Primary cutaneous lymphomas are highly sensitive to radiotherapy[1],[6] and hence, it is the treatment of choice for localized disease at presentation or relapse. Inclusion of margin of at least 2 cm of healthy skin into the irradiation field and an approximate total dose of 30 Gy results in complete remission.[1]

Combination chemotherapy with CHOP is preferred in patiens with the tumor involving the leg, multiple skin lesions or with systemic involvement.[1],[6]

Our case is interesting in that, unlike the usual primary cutaneous DLBCL occurring above the waist, the lesion was rapidly growing with short duration of 3 months presentation before diagnosis, and was ulceroproliferative in nature, as opposed to a plaque or a nodule, thus prompting a clinical diagnosis of a soft tissue sarcoma.

 
   References Top

1.Garbea A, Dippel E, Hildenbrand R, Bleyl U, Schadendorf D, Goerdt S. Cutaneous large B-cell lymphoma of the leg masquerading as a chronic venous ulcer. Br J Dermatol 2002;146:144-7.   Back to cited text no. 1  [PUBMED]  [FULLTEXT]
2.Hembury TA, Lee B, Gascoyne RD, Macpherson N, Yang B, House N, et al . Primary cutaneous diffuse large B-cell lymphoma: A clinicopathologic study of 15 cases. Am J Clin Pathol 2002;117:574-80.   Back to cited text no. 2    
3.Willemze R, Kerl H, Sterry W, Berti E, Cerroni L, Chimenti S, et al . EORTC classification for Primary Cutaneous Lymphomas: A proposal from the Cutaneous lymphoma study group of European Organisation for Research and Treatment of Cancer. Blood 1997;90:354-71.   Back to cited text no. 3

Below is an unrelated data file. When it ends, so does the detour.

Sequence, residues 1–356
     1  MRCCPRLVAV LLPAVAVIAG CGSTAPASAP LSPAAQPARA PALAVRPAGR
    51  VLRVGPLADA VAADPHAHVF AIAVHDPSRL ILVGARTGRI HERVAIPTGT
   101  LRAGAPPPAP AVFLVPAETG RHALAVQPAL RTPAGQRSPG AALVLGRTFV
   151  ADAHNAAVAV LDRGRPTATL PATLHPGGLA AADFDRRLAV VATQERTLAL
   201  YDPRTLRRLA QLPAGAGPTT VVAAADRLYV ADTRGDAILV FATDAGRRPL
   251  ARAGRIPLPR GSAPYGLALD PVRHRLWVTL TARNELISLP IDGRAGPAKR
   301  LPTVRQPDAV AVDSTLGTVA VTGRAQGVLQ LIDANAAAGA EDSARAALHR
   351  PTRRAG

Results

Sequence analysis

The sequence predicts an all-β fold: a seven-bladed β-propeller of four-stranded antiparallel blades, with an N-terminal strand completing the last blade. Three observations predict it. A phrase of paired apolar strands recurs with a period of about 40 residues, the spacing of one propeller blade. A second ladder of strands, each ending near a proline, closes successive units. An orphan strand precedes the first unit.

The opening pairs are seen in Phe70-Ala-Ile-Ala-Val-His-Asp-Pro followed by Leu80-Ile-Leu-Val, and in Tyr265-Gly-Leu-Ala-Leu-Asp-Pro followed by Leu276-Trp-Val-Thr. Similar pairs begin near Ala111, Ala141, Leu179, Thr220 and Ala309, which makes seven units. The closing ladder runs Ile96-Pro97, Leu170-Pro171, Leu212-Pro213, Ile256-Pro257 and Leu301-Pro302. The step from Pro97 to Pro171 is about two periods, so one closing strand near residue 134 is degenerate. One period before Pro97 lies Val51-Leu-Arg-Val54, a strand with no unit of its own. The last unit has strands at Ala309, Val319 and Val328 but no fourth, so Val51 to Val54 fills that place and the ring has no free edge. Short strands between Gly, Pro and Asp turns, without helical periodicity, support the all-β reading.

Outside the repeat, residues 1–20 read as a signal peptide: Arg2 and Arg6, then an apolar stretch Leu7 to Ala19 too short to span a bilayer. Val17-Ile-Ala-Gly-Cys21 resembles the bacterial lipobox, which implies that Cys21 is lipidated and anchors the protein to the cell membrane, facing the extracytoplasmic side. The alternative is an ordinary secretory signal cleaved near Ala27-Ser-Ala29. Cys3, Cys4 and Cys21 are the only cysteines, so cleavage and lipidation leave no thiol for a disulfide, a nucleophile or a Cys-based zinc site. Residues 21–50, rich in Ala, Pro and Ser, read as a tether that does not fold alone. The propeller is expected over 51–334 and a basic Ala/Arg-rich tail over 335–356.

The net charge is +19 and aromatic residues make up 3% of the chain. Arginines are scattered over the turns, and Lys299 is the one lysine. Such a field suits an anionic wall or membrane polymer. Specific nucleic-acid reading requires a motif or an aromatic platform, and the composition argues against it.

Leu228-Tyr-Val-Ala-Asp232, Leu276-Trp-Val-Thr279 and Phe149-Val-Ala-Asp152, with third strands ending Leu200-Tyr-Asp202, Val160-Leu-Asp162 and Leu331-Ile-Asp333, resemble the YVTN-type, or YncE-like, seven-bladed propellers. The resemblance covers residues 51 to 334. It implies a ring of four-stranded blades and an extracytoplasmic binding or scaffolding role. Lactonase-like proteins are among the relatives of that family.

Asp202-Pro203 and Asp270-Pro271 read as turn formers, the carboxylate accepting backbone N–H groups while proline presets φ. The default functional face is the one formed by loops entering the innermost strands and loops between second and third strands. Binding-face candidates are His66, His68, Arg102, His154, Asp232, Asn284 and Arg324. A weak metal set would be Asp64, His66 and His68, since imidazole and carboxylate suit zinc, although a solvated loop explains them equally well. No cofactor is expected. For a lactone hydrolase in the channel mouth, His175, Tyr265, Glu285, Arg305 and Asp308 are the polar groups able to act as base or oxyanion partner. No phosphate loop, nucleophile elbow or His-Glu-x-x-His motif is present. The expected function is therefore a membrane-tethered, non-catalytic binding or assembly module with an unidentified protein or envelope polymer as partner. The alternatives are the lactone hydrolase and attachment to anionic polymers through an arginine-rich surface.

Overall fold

4.Gronbaek K, Moller PH, Nedergaard T, Thomsen K, Baadsgaard O, Hou-Jensen K, et al . Primary cutaneous B-cell lymphoma: A clinical, histological, phenotypic and genotypic study of 21 cases. Br J Dermatol 2000;142:913-23.   Back to cited text no. 4    
5.Goodlad JR, Krajewski AS, Batstone PJ, McKay P, White JM, Benton EC, et al . Primary cutaneous large B-cell lymphoma: Prognostic significance of Clinicopathological subtypes. Am J Surg Pathol 2003;27:1538-45.   Back to cited text no. 5    
6.Grange F, Bekkenk MW, Wechsler J, Meijer CJ, Cerroni L, Bernengo M, et al . Prognostic factors in primary cutaneous large B-cell lymphomas: A European multicentric study. J Clin Oncol 2001;19:3602-10.  Back to cited text no. 6    


    Figures

[Figure - 1], [Figure - 2], [Figure - 3]



 

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    Abstract
    Introduction
    Case Report
    Discussion
    References
    Article Figures